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Simplifying a circuit to establish the intesities

  1. Mar 10, 2013 #1
    So I'm to calculate the current intensities in the places I put the ammeters in (yeah, I reckon one of them is turned around :)):

    http://i.stack.imgur.com/PAmmD.jpg

    And while I can calculate such things for series or parallel circuits, I was taught I should first try to simplify the circuit and do it with Ohm's law and supplementary resistance. So I did something like that (which is my only idea):

    http://i.stack.imgur.com/E4svU.jpg

    And, regretfully, the results in the simulator are different. Then, how can I evaluate the 3 Ohm resistor (the one being "vertical" in the first picture) to somehow simplify the circuit and be able to calculate it? Could you please help? :)
     
  2. jcsd
  3. Mar 10, 2013 #2
    There are no resistors in series in the first circuit you posted. Notice that there is a branch between any two resistors.

    Also, there are no two resistors in parallel. The technique of simplifying series and parallel resistors will not work for this circuit.

    Instead, there are other methods, which are used to create a system of linear equations that describes the circuit.

    In the node-voltage method, that fact that the current going into a node (a place on the circuit) must be equal to the current going out of a node is used.

    In the mesh-current method, the fact that voltages in a loop must add to zero is used. The circuit is divided up into loops, and each gets its own current. For parts of the circuit which are in multiple loops, the total current (which would cause a voltage on any resistors there) would be the sum of the currents for all the loops which go through that part of the circuit.

    You might be able to find some decent learning material by searching for one of these methods.
     
  4. Mar 10, 2013 #3

    gneill

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    Staff: Mentor

    Your second circuit is not equivalent to the original.

    Note that the 2,3, and 4 Ohm resistors form a Δ configuration. Similarly, the 3,4, and 6 Ohm resistors form another Δ. Any rearrangement you attempt (such as Δ-Y transformation) will 'lose' the currents that you want to find, transforming away the original circuit paths and resistance values.

    Instead, consider using KVL and KCL, or mesh or nodal analysis. There are three loops so three equations will suffice for mesh analysis.
     
  5. Mar 10, 2013 #4
    Oh, I see. In that case, I guess I'll surrender as we haven't covered anything past the regular simplifying method on our lessons and it seems next to impossible to master all those right methods now, in some half an hour - I guess the prof wouldn't be too mad at anyone not having done that, then :)

    Thank you both again very much!
     
  6. Mar 10, 2013 #5

    gneill

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    Staff: Mentor

    Well, you could go right back to KVL and KCL and apply them directly. It'll be a bit of work with a few more equations, but you'll get to the answer.
     
  7. Mar 10, 2013 #6
    OK, I almost did it! I transformed it to a star-like shape and calculated everything by looking at equivalent resistors made in parallel and the only thing left is the current beside the 3 Ohm resistor. Could someone please help? So close yet so far - I can't think of any way to transform it any more so that 3 Ohm is in some more suitable place. Could someone please help how come you get some 0.17A there?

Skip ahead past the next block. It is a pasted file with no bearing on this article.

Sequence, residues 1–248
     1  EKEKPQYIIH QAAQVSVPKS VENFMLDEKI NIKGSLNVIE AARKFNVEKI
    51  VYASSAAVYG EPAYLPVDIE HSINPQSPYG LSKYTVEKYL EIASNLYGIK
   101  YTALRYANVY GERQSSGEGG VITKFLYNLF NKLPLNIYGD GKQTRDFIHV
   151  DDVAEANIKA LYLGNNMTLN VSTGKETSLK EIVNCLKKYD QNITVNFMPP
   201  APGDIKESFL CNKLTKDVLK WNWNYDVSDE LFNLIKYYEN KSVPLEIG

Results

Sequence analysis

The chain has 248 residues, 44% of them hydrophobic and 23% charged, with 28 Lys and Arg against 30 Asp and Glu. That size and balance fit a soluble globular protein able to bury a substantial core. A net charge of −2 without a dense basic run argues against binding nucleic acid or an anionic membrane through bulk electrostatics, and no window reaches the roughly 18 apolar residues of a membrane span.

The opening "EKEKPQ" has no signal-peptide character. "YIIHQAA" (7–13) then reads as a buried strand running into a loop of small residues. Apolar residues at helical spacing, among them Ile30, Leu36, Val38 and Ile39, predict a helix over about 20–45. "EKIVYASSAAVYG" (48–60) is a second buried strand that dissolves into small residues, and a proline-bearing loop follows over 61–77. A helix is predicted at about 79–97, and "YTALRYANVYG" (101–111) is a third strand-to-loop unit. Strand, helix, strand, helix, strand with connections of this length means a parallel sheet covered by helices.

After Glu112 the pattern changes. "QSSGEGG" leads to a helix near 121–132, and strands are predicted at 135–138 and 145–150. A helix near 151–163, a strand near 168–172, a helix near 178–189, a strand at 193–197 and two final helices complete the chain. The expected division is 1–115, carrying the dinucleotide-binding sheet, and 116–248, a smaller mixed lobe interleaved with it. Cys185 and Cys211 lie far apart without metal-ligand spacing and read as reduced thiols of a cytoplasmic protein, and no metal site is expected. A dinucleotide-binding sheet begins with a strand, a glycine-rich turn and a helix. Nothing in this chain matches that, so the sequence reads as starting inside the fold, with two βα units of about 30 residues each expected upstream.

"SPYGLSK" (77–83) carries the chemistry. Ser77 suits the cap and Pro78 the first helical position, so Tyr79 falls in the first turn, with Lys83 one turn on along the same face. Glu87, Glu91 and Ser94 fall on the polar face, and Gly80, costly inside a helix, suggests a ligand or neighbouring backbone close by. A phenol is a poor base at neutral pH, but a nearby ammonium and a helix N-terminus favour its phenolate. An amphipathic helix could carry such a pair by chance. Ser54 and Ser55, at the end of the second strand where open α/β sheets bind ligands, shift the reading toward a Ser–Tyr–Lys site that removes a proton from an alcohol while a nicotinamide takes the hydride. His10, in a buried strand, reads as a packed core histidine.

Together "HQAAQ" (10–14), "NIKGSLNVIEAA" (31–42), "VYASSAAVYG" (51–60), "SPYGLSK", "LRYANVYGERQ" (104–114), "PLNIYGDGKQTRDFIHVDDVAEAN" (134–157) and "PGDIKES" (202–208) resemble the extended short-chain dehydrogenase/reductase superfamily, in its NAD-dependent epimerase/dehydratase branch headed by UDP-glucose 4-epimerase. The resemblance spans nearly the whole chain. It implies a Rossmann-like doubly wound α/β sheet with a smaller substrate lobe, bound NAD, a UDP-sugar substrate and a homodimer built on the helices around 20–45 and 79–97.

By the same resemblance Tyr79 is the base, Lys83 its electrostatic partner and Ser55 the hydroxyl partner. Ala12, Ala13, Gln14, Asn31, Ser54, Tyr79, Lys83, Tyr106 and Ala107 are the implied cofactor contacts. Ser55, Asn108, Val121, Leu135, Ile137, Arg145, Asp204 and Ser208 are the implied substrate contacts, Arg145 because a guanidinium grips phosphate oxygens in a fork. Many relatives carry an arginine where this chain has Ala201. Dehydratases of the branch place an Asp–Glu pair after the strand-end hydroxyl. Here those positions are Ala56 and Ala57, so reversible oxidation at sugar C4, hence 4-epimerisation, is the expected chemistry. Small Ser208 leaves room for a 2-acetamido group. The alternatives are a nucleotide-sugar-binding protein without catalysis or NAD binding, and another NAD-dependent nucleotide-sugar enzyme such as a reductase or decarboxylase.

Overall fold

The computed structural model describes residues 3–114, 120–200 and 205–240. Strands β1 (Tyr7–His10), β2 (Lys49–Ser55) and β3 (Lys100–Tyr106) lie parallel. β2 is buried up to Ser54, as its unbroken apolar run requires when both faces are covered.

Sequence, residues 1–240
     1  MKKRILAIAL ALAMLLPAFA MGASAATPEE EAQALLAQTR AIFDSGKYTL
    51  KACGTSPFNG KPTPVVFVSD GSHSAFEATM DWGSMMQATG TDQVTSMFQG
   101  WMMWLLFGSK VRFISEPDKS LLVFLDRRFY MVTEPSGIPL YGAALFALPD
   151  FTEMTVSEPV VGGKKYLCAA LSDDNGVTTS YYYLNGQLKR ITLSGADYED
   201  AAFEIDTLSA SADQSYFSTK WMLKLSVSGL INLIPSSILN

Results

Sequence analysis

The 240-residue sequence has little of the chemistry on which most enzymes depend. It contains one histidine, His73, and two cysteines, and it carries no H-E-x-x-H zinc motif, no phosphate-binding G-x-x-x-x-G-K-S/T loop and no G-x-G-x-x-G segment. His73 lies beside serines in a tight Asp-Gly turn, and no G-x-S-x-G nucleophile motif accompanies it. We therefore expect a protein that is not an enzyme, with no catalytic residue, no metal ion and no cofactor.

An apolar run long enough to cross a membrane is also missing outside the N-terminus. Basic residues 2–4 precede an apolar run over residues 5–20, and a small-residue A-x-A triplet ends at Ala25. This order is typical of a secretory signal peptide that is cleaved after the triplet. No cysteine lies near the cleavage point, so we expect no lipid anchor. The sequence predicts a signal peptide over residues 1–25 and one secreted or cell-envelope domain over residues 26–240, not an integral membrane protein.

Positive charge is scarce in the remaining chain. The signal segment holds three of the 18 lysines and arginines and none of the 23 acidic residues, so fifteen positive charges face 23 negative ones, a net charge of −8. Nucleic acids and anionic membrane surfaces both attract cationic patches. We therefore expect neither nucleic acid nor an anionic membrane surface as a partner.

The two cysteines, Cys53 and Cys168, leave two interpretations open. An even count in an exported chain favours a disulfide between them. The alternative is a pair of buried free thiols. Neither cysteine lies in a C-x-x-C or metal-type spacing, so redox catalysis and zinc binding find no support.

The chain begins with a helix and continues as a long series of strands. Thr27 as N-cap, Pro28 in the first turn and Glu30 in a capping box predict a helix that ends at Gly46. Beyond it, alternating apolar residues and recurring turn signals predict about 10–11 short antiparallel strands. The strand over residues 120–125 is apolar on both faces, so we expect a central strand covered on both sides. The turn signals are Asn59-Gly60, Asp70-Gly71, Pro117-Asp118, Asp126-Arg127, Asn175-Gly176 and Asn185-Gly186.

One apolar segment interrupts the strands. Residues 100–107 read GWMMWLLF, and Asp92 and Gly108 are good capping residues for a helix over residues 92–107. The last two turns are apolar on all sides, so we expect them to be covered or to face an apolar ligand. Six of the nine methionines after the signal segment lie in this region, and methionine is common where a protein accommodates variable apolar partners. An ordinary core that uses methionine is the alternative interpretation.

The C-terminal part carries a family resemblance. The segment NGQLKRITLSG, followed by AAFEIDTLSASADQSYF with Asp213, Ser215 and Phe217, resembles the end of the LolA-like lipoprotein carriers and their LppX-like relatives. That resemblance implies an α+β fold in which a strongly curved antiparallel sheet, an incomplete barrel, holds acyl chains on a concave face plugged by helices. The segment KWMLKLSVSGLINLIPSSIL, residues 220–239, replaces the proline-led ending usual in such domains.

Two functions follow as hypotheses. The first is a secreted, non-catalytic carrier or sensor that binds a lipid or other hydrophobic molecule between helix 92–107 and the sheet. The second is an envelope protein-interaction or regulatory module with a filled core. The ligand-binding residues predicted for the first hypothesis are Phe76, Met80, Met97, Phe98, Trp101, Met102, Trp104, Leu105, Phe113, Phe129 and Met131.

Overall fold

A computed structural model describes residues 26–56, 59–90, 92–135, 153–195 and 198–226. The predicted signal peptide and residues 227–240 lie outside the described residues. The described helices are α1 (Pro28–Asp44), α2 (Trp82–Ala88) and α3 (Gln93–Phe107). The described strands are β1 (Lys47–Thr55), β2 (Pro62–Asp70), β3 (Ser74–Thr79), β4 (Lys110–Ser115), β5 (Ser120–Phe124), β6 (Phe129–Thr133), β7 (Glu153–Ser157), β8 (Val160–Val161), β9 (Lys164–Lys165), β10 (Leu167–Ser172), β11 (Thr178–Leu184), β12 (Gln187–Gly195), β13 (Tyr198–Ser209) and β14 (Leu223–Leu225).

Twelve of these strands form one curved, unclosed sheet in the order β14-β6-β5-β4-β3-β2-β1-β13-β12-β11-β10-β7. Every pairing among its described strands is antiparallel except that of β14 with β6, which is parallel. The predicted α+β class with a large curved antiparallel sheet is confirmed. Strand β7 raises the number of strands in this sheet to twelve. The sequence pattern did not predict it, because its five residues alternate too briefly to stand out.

8. Mar 10, 2013 #7

    gneill

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    Staff: Mentor

    Can you show your transformed circuit diagram and describe the steps you took? We need something to work from if we are to help.
     
  9. Mar 10, 2013 #8
    So I rolled the first triangle into something like this:
    http://i.imgur.com/EC0HnMl.jpg

    Thanks to that I had only parallel resistors and series - I simplified the parallel ones and then had the equivalente resistance of the whole circuit thus getting the first and last amperage. The ones beside 2 Ohm and 4 Ohm pair were then easily obtainable as the sum of the current going in and simple proportion. Same goes for the ones beside 6 and 4 Ohms and using the picture above (after tranformation). The one beside 3 Ohm doesn't appear anywhere, though and I can't figure a way to calculate it. Could someone please help?
     
  10. Mar 10, 2013 #9

    gneill

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    Staff: Mentor

    Take the currents that you've calculated and place them on the original circuit. Use KCL to find the missing current.
     
  11. Mar 10, 2013 #10
    Thank you but how can I apply KCL if all the current calculations sum up to the total of 1.125A as of now, without the need to add anything? I got 0.375A at the 4 Ohm resistor and 0.75A at the one above it (slightly off according to the simulation but I guess it's calculated right) - so we have 1.125. Same goes for the ones on the right where I got 0.5 and 0.625 so it sums up, too. What should I sum up, then? 0.375 and 0.5 and add the remaining 0.25? But why these two?
     
  12. Mar 10, 2013 #11

    gneill

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    Staff: Mentor

    If KCL alone doesn't suffice, then apply KVL to find the "missing" potential drops across other resistors, and hence their currents. You said that you have the currents through the 4 and 6 Ohm resistors, and the total through the 5 Ohm resistor. So you know the potential drops on those resistors. Use KVL to find the other potential drops and hence the currents through the other resistors.
     
  13. Mar 11, 2013 #12
    OK, thank you :)
     
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